Discrete Events and Narrative Lives (Part 4)
In part three of this series, I promised to return to the problem of personal identity “next week.” That was three weeks ago. The accidents of life get in the way of our plans; instead of writing about narrative the last two weeks, I added essays to The Last Walk. Only now do I return to my topic: narrative, personal identity, and morality.
Notice how this episode illustrates, in a minor way, the complexity of the questions we are considering. “I” announced my “intention” of accomplishing some “action” (publishing a blog post, in this case). Today I offer an explanation as to why I didn’t do what I announced.
Philosophers ponder mysteries in that sequence: What constitutes a person? What are intentional states (of anything, but especially of persons)? What distinguishes an action of a person from other events in the world? For which actions or failures to act should persons supply explanations or apologies?
There’s no way I’m going to sort out all these questions in a single essay. Philosophy of Mind is a jungle of interrelated questions. I just want to tame a little corner of the jungle.
The skeptical worry, remember, is the thought that we should regard our personal narratives as fictions. A number of undeniable facts motivate the skeptical worry. First, we know that discrete events (such as the outcome of particular at-bats) are largely unaffected by the stories we tell about them (e.g. Allen Average is having a good day batting). Second, we know that our memories of past events, including events in our personal lives, are often objectively inaccurate. Third, at best our memories of our lives comprise a tiny minority of the events that make up our past. Fourth, we know that events can greatly change persons’ character; we say with some measure of truth that so-and-so is not the same person she was at some prior time. Therefore, the skeptical worry says, we should not put much stock in our personal narratives; perhaps we should think of ourselves as “strong poets” (Richard Rorty’s suggestion) who regularly invent or reinvent ourselves by recasting our stories.
In spite of all this I will argue for a narrative understanding of personhood. I think the following claims are all true. First: a person’s life gains identity by means of narrative. It is by story that one event connects meaningfully with another; without narrative the events in our lives are just one damn thing after another. Second: only a narrative personal identity can ground and explain significant moral duties. Third: human beings are capable of deceiving themselves about almost everything, including their narrative based identity, so it is possible for persons to achieve better or worse understandings of themselves. Fourth: the true story of any person’s life can only be discerned against the backdrop of a true story of the world in which that person lives. Against those philosophers who proclaim the death of meta-narrative, I think we need meta-narrative. (Notice: the so-called death of meta-narrative is usually presented as a story.) If the great story of Christ is true, I can only rightly understand my story as part of his story.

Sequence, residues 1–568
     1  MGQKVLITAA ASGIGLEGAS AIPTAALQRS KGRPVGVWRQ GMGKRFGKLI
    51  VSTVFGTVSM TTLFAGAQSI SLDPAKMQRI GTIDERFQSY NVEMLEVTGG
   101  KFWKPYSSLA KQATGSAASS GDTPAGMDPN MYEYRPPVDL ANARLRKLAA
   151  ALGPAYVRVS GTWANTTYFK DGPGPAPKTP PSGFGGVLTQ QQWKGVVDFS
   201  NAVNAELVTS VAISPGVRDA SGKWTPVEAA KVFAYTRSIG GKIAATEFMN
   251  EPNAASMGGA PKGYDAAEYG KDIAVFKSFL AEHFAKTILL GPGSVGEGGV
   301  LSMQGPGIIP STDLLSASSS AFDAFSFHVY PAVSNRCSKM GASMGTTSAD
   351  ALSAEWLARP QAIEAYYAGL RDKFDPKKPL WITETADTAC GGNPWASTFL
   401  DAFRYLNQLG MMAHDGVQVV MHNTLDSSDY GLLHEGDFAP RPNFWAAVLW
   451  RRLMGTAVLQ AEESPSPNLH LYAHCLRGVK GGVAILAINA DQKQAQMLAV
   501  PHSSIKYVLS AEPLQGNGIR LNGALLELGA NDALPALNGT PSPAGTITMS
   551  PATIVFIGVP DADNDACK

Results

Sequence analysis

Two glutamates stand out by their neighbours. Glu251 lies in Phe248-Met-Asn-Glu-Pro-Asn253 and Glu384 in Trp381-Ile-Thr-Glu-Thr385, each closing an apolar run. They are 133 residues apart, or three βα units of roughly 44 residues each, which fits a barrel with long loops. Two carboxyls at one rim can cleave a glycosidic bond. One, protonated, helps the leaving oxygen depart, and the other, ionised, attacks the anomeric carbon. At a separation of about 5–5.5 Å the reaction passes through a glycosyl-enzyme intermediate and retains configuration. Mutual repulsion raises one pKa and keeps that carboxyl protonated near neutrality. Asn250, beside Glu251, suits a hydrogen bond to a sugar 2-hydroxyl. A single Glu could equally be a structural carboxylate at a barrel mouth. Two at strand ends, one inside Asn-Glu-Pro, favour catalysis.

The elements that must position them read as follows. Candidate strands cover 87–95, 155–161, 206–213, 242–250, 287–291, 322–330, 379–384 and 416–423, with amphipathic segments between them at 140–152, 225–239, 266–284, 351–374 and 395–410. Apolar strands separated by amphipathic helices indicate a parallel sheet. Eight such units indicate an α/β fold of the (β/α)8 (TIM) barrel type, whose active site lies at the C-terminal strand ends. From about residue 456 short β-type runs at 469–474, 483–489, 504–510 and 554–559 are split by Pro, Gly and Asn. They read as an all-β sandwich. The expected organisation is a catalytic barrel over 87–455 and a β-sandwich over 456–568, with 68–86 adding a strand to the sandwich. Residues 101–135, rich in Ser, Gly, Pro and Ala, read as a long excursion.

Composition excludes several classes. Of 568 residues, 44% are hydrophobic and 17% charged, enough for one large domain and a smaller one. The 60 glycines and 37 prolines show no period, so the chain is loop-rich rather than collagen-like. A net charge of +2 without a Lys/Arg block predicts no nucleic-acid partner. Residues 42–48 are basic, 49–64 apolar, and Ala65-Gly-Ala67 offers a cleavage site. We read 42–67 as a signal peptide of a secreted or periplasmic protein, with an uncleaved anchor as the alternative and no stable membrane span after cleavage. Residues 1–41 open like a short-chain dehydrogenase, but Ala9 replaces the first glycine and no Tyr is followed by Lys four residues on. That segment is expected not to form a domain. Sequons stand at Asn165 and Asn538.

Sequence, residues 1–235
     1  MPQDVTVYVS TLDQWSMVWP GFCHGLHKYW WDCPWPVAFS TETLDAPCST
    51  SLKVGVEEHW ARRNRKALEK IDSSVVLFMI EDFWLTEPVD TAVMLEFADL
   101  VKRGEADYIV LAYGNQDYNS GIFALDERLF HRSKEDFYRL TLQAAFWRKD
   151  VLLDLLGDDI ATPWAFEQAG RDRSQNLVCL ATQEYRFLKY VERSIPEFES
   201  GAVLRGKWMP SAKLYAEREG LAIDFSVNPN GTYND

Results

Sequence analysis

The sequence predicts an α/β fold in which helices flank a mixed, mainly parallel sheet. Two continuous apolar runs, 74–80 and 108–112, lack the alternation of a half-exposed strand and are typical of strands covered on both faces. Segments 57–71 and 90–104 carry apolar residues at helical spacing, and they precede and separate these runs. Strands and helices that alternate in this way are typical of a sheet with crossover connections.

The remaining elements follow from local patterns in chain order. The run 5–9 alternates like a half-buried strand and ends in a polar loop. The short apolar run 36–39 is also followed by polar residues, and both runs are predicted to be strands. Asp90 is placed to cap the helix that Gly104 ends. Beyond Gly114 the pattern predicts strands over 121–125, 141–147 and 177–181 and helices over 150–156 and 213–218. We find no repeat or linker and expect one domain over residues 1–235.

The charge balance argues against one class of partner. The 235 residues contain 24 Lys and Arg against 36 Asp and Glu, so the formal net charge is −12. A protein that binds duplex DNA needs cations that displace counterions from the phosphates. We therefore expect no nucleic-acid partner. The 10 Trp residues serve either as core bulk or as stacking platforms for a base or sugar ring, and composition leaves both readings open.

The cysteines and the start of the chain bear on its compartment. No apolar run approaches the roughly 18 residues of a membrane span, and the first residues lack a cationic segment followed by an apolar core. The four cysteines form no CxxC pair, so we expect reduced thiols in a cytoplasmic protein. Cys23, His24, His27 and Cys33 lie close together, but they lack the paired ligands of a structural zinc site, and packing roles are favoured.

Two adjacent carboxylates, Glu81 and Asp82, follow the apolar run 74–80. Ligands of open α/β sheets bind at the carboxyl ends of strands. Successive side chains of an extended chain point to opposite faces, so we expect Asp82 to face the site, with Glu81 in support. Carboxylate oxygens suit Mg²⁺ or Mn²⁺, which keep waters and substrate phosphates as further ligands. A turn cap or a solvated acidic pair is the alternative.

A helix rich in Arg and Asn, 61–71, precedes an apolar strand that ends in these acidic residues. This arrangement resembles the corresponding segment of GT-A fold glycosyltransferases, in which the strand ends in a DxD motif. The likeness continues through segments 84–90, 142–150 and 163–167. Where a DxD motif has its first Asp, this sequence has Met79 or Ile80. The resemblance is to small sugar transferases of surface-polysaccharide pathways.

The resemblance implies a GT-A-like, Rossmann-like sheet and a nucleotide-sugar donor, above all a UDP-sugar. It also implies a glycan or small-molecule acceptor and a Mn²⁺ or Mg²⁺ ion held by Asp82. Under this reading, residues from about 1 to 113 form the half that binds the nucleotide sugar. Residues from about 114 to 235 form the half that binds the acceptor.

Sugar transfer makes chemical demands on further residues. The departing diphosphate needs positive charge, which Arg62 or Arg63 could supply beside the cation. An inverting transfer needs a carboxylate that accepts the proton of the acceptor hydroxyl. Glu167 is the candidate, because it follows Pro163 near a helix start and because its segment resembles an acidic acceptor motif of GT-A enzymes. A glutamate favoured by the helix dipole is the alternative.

As I said, there is no way I can defend all these assertions in one essay. I will offer a few remarks in support of the second claim, that only a narrative personal identity can ground and explain significant moral duties.
Consider two episodes from my life. In 1977 in a marriage ceremony, I promised Karen that I would be a loving and faithful husband for the rest of our lives together. In 1989, a judge explained to a little boy, Jamie Bolles, that because of the paper she was signing he would be James Keith Smith, and he would be a “forever” part of our family. At the time of the judge’s decree, Karen and I promised to James that we would love him and care for him no matter what. Considered dispassionately, these are not unusual events. Thousands of adoptions are finalized every year in this country, and marriages are even more frequent.
Promises are central to marriages and adoptions. Like me, in many cases the people who make such promises live for many years after making the promise. Life happens. People change. Surely there is some sense of the phrase in which it is true to say: I am not that person anymore. Yet I think—and I think most people would agree—that the promise made then has moral import now. There is a sense in which the promise commands me; it lays obligation on me. The promise limits my life, because I made it. I, a person living decades after the promise, am morally constrained by that promise because I am the person who made it.
I am not saying that marriage promises or adoption promises create iron laws with no exceptions. I know people who divorced. I know of disrupted adoptions. I have no interest in condemning such people or adding to their pain. There are situations of tragic moral choice. But I point out that one reason such tragedies are tragic is that persons think they must break promises. They feel they must, morally must, do one thing, and yet they feel they must not do that thing. Promises do not simply lose their moral force simply because time has passed and I am a new person.
My argument is simple. We have a pretty clear moral intuition that marriage promises and adoption promises create obligations for those who make them. The only way this intuition can be right is if there is such a thing as personal identity over time. That is: it is right to do this thing now, because I promised I would—even if the promise was made decades ago by a very different “me.” The best way to describe personal identity is through narrative. I make sense of my life by the story I live.